Whether it’s clients/mob or board roles, I feel like my job is to constantly build people up, build their skills, perspectives, work collaboratively and achieve collective goals.
What advice do you have for both Aboriginal and non-Aboriginal people wanting to work in this sector?
Always listen (actively), be open minded, ready to learn and most of the time STFU. One thing I learnt really well from the union movement which carries over – if you are having a conversation, it’s a 70:30 ratio – listen 70, speak 30.
I think the other thing I would say is, it’s OK to be uncomfortable. In fact, real learning means that you will be uncomfortable. Sit with it. If you are not uncomfortable, then you probably need to check yourself, your assumptions and bias and assess whether you’re in a comfortable feedback loop that doesn’t take you anywhere except your own learned bias. This goes for blackfellas too.
What does NAIDOC Week mean for you and why is it important?
I love NAIDOC. So many feels. When I was 14 years old I met one of my birth Aunties and some cousins for the first time at the Musgrave Park Invasion Day March and Family Fun Day. And that to me is the point of NAIDOC. It’s about mob, family connection, community catch ups and celebration, yarning and some grieving.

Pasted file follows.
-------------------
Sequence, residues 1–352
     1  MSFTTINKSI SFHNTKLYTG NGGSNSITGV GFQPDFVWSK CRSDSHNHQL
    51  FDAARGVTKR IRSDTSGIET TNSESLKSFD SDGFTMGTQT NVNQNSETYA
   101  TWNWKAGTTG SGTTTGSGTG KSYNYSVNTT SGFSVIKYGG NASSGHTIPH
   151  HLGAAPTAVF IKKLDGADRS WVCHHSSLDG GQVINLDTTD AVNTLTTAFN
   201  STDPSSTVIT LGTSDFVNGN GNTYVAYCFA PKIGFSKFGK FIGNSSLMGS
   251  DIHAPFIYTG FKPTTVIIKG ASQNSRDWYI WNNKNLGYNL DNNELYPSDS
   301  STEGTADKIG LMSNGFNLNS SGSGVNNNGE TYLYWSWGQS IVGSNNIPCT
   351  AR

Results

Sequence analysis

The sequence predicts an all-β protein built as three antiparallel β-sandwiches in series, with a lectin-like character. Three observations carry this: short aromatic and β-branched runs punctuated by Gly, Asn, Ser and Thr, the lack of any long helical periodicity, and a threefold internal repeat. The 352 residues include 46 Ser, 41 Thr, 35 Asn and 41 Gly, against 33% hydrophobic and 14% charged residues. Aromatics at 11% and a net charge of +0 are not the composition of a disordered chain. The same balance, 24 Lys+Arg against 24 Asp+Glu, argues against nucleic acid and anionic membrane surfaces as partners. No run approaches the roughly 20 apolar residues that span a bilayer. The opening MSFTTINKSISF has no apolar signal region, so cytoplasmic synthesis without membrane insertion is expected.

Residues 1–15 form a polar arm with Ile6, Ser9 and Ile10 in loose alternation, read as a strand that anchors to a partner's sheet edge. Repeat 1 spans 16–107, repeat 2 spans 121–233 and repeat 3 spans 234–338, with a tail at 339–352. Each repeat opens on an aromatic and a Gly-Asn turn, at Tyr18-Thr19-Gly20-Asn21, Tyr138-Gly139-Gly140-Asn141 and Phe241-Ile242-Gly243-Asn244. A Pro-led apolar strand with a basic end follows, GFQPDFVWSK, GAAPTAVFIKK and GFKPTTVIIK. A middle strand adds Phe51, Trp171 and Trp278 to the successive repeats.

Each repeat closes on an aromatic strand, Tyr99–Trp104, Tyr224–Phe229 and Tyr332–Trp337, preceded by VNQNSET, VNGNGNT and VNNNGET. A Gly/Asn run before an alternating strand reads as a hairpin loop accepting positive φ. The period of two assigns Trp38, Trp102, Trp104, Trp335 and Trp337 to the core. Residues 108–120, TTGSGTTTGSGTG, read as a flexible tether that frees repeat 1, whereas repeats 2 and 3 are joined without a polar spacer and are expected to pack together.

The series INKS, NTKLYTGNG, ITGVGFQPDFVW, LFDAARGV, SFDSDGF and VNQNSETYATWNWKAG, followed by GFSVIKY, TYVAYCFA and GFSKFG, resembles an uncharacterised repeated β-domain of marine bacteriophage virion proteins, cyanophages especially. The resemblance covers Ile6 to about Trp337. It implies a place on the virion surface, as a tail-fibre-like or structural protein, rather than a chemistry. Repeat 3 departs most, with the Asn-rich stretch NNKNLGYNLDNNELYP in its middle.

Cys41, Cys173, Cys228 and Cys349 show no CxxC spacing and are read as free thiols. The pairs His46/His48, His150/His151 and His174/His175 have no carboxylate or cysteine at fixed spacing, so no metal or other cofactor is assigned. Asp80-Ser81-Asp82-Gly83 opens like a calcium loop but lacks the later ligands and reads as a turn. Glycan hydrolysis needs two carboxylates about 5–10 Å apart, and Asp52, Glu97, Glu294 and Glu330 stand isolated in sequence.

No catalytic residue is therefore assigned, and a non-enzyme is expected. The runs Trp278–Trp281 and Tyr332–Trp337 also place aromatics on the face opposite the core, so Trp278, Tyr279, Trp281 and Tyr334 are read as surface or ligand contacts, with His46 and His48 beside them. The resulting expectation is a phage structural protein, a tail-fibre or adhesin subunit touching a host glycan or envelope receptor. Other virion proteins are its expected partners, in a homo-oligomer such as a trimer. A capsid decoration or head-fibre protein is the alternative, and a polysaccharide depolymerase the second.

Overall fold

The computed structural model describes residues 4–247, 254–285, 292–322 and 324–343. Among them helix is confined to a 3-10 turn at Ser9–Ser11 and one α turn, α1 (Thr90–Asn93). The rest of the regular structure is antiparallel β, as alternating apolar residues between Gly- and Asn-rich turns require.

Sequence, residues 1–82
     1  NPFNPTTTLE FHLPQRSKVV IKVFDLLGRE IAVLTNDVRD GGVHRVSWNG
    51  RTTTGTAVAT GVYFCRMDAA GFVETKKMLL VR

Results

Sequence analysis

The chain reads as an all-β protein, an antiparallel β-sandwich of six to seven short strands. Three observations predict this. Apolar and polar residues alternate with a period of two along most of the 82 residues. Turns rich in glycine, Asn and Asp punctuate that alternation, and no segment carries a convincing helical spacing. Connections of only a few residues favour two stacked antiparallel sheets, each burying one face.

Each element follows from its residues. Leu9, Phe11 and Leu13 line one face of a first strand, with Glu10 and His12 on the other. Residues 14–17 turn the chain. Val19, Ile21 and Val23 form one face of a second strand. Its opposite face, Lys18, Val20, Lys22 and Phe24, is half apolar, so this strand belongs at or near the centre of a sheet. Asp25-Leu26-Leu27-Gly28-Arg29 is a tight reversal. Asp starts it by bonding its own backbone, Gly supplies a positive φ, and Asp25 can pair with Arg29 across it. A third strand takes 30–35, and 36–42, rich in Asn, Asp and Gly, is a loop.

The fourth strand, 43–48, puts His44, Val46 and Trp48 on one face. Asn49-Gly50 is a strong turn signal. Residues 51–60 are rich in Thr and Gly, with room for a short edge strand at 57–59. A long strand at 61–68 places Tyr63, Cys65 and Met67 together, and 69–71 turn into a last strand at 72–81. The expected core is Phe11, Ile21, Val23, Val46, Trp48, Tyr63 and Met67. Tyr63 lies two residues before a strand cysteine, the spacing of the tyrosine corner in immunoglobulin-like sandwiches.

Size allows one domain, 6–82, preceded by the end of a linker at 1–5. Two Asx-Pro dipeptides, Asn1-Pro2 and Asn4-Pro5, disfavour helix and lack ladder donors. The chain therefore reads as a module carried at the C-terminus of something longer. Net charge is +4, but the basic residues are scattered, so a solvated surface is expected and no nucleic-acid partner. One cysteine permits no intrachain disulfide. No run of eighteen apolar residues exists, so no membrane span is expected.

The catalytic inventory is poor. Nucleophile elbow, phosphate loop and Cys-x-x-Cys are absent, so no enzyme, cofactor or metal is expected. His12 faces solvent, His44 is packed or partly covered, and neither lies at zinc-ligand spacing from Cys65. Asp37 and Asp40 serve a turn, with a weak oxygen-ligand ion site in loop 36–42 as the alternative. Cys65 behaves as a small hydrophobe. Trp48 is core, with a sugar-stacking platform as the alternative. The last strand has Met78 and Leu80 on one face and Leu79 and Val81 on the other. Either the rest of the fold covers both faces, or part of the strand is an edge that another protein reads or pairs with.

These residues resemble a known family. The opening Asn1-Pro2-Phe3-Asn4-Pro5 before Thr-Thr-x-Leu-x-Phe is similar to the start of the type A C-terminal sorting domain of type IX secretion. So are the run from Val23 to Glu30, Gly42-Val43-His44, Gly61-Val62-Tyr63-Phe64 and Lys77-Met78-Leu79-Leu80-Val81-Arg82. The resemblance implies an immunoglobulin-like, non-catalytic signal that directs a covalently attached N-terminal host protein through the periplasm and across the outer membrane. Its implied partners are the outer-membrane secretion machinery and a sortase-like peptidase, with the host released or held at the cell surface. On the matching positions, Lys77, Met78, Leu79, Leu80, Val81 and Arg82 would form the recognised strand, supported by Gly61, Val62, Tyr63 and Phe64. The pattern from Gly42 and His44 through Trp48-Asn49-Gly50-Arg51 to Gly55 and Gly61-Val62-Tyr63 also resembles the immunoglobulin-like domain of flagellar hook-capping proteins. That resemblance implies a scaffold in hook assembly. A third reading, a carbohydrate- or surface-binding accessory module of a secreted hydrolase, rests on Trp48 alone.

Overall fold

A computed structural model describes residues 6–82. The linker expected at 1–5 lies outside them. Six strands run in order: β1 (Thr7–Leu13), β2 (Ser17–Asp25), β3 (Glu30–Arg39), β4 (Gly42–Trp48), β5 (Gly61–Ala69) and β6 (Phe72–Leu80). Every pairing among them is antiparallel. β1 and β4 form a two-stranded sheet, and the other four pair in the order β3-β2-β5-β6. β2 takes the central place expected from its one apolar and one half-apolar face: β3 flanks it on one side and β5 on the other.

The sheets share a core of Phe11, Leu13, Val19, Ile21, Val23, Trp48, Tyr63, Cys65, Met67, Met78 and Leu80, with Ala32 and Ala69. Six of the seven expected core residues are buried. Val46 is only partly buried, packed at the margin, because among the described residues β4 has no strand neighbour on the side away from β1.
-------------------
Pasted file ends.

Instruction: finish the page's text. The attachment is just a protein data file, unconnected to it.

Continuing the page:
I reckon a tidda (sister) summed it up really well in pointing out that Reconciliation Week is about Australia, NAIDOC is for mob.
What are some of the challenges working in the Aboriginal justice space?
There are lots of challenges. Structural and direct/indirect racism is an ongoing challenge. These are big things and as a country Australia still absolutely hasn’t dealt with the violent history and ongoing dispossession and oppression of First Nations peoples.
What are some of the most gratifying things about working in the Aboriginal justice space?
Our mob. Easy. Hands down. I’ve worked with mob all across the lands we call Australia – city, regional, remote. All our mob across the country, what they’re working on, what they’re fighting for – just amazing and humbling.
What do you do when you’re not at work?
Hanging out with my lad, my partner and watching Star Wars (currently hooked on Obi Wan series). I love pilates and having cheeky wines with my sister-in-law and shit-talking on text with tiddas about life and the world.
What are you most proud of in your career?
Heaps to be honest, but if I was to point out a couple:
- Queensland Stolen Wages, working with the old people to make sure they got the best out of a shit deal.
- 10 days family violence domestic leave – I coordinated the campaign for three years.
- Initiatives in superannuation for women.
- Leading and steering (as a trustee director) the investor industry with other organisations to ensure mob aren’t getting a dud deal from mining companies.